Bill Brown bio photo

Bill Brown

A complicated man.

Twitter Github

In the interest of contributing to the wealth of tips on WWDC, I'd like to share what I learned this week about the event itself—I can't talk about the session material since it's under a non-disclosure agreement.

  1. Don't lose your badge. I didn't, thankfully, but the attachment of the badge to the lanyard is very precarious. Everything—everything—revolves around that badge and there's security everywhere. They will balk if they can't see the full badge.
  2. There is no Apple-provided dinner except for the Bash. From the original Web site, it seemed like Apple would provide dinner daily, but that was emphatically not the case. The Bash food, incidentally, was excellent. I was stuffed from the sushi, hot dogs, pizza, Chinese, pasta, cookies, and quiescent confections.
  3. You can leave on Friday. I booked my return flight for Saturday morning thinking that sessions would run as normal on Friday and I didn't want to rush around dealing with luggage and transportation to the airport. Turns out, the last session ended a little past 2 o'clock and they have a luggage holding station at Moscone West. I could have easily left that day. There's a lot to see in San Francisco, of course, but I was ready to go home.
  4. Don't miss Stump the Experts. I didn't learn anything at all from the session but it was hilarious. This was the 20th Stump the Experts event and it made me feel nostalgic even though this was my first time attending.
  5. The labs run concurrently with the sessions. There were many great sessions that conflicted with one another, but most of the good labs also conflicted with those great sessions. The best bet, I found, was to skip a Q&A here and there to make use of the session interstitials. Even still, I missed several opportunities. If the videos came out in a timely manner, I'd say to only go to the sessions for the Q&A (or to ask your Qs at) and focus on the labs. You can watch the video at your leisure but you're never going to get that kind of face time with an Apple engineer otherwise.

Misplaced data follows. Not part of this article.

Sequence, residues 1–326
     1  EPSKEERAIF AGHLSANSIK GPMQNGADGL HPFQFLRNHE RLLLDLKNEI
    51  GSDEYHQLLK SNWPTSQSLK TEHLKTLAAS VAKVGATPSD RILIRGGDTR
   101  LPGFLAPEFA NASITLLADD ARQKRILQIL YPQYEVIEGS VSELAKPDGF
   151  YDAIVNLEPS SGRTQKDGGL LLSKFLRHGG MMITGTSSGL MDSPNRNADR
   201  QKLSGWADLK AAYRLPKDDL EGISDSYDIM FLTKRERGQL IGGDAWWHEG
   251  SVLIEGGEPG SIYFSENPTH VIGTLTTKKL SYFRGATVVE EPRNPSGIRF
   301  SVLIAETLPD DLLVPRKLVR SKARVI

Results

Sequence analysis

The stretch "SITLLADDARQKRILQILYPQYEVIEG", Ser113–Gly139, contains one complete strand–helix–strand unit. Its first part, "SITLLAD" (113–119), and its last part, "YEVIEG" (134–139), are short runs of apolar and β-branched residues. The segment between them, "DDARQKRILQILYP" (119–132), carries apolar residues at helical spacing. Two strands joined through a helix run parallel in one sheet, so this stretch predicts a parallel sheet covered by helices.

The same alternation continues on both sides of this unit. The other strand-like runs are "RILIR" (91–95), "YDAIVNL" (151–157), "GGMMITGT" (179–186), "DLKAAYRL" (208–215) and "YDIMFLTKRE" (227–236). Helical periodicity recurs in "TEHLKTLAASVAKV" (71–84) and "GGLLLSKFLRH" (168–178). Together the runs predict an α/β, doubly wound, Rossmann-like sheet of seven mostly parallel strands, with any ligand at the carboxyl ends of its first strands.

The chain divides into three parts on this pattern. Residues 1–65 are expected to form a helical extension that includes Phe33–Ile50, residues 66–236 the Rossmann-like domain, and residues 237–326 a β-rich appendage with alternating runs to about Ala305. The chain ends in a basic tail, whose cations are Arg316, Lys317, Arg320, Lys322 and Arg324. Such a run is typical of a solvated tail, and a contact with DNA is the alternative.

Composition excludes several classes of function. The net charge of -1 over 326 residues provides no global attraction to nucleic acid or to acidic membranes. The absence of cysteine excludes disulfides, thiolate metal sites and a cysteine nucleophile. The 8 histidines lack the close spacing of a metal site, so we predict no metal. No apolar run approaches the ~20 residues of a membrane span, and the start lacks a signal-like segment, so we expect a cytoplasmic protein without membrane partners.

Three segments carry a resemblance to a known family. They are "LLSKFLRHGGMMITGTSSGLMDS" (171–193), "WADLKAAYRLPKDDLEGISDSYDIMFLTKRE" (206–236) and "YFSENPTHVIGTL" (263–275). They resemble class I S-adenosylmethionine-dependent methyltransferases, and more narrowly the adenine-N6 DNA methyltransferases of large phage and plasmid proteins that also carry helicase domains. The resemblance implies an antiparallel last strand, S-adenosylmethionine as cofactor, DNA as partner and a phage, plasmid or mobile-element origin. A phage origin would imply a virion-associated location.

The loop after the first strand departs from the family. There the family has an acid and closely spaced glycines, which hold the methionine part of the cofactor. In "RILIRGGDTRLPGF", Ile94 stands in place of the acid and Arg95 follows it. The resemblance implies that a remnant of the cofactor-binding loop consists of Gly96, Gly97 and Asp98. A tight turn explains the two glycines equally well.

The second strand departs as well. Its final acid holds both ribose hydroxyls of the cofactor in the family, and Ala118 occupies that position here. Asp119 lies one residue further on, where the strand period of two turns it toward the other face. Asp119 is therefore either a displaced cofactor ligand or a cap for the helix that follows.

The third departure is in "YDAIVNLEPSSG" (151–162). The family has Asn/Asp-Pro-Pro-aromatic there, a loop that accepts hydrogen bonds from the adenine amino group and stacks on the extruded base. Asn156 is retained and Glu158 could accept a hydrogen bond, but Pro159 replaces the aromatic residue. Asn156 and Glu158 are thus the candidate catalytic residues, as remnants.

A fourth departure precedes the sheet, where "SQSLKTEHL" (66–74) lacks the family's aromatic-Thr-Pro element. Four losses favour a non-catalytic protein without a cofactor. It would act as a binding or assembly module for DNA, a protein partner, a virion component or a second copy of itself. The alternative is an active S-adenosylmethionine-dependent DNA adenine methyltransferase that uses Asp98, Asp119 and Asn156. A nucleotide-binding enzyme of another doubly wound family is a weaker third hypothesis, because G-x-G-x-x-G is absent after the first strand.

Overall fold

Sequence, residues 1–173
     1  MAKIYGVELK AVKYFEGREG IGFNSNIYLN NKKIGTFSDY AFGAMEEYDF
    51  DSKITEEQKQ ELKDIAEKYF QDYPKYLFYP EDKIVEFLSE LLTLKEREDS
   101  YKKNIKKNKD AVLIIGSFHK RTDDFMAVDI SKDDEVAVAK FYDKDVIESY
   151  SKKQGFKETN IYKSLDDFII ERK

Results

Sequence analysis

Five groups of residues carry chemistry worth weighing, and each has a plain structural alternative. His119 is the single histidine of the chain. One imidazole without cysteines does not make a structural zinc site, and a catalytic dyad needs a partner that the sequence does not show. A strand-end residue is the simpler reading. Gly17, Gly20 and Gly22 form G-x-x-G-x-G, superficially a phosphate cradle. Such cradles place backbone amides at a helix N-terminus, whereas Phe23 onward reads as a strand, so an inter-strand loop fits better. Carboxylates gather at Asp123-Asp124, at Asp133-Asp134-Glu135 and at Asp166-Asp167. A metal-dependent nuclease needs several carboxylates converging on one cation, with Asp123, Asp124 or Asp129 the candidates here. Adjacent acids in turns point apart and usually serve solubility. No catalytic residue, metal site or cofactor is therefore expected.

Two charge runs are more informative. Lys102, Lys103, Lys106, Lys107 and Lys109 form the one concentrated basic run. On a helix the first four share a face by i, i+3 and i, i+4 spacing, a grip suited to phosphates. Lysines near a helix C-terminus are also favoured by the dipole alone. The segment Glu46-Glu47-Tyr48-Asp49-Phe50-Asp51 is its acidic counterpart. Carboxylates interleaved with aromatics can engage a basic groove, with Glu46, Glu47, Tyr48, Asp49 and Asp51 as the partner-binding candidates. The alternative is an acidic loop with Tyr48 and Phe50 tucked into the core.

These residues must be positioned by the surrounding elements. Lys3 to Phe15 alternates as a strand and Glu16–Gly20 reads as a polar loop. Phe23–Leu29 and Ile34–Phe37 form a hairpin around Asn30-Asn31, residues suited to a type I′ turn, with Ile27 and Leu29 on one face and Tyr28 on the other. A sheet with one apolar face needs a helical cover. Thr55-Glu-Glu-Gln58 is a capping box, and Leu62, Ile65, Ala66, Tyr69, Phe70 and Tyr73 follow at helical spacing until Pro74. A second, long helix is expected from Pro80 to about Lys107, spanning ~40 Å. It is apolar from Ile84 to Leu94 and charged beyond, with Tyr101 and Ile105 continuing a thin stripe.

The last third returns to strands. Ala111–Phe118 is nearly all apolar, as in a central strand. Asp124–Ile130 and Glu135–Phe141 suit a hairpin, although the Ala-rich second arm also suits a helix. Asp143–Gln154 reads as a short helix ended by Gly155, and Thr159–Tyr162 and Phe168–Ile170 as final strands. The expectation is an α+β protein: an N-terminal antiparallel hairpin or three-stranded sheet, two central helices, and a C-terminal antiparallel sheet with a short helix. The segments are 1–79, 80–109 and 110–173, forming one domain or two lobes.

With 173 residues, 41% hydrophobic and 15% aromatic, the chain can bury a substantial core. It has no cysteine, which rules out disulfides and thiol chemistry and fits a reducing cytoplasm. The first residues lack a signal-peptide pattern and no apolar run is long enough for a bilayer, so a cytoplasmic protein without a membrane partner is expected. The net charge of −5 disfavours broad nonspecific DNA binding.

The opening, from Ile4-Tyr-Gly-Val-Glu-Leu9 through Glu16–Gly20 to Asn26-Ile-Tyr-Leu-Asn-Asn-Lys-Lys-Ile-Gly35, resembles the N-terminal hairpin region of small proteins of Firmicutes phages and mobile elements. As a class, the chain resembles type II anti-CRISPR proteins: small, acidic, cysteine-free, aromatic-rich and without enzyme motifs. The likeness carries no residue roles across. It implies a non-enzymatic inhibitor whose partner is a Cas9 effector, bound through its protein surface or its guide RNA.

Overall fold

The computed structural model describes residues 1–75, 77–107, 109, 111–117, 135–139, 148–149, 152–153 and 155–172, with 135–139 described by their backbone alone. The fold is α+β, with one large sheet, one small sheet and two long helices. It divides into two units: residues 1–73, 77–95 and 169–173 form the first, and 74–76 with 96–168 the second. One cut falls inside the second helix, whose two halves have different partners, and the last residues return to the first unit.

6. The WiFi access was excellent. I consistently got five bars throughout Moscone West during the entire conference. I also was able to connect via VPN at will. I'm not sure why the online accounts I read had WiFi trouble in the past, but Apple appears to have gotten its act together.
  7. Complaining about the lines is an effective icebreaker. WWDC, for me, was a series of lines: lines for the sessions, lines for the labs, lines for the urinals, lines for the sinks, lines for the food. Witty observations about this led to many interesting conversations with line neighbors. Not that you need an icebreaker: I never had any trouble striking up a conversation with anyone and the bonhomie was palpable throughout.
  8. Use the elevator. There's an elevator near the stairs that was almost never being used. If you're on the third floor after a Presidio session and you want to go to a lab, your best bet is to skip the line for the escalators entirely and go straight for the elevators. I generally rode it alone; I have no idea why so few people took it.
  9. Plan on getting in line for the Keynote by 8 o'clock. I waited until 9 AM to mosey down to Moscone and the line had already wrapped around nearly back to the main entrance off Howard. By 9:45, we had barely moved. I ended up getting seated in the overflow room, which had quite a nice view of the Keynote, about 10:20 AM and missed the hardware announcements entirely.
  10. The Interface Design consultation is by appointment and they fill up quickly. I was planning on having an Apple engineer give my iPhone application a once-over, but I didn't realize you had to reserve a spot so they were gone by the time I got down there. If I were doing it again, I would make this action my top priority.

Was WWDC worth it? Big time. It was hard being away from my family—video conferencing via iChat helped considerably—but I learned so much and got direct answers to my questions that I can recommend it without reservation. Plus, I got a developer's preview of Snow Leopard that is wonderful. iPhone OS 3.0 and Snow Leopard are going to be great, people. Make sure you upgrade when they become available.